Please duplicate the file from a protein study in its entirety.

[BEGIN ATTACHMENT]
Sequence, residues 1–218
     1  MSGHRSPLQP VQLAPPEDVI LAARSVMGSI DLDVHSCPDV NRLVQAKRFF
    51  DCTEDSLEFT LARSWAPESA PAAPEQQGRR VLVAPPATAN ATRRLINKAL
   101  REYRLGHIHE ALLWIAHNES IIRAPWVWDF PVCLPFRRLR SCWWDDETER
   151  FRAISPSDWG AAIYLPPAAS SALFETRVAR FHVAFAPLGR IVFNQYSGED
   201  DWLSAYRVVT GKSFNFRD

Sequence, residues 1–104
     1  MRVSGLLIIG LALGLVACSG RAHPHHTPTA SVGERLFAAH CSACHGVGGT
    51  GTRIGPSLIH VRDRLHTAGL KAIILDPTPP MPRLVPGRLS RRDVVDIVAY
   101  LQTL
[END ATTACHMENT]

Sequence, residues 1–218
     1  MSGHRSPLQP VQLAPPEDVI LAARSVMGSI DLDVHSCPDV NRLVQAKRFF
    51  DCTEDSLEFT LARSWAPESA PAAPEQQGRR VLVAPPATAN ATRRLINKAL
   101  REYRLGHIHE ALLWIAHNES IIRAPWVWDF PVCLPFRRLR SCWWDDETER
   151  FRAISPSDWG AAIYLPPAAS SALFETRVAR FHVAFAPLGR IVFNQYSGED
   201  DWLSAYRVVT GKSFNFRD

Sequence, residues 1–104
     1  MRVSGLLIIG LALGLVACSG RAHPHHTPTA SVGERLFAAH CSACHGVGGT
    51  GTRIGPSLIH VRDRLHTAGL KAIILDPTPP MPRLVPGRLS RRDVVDIVAY
   101  LQTL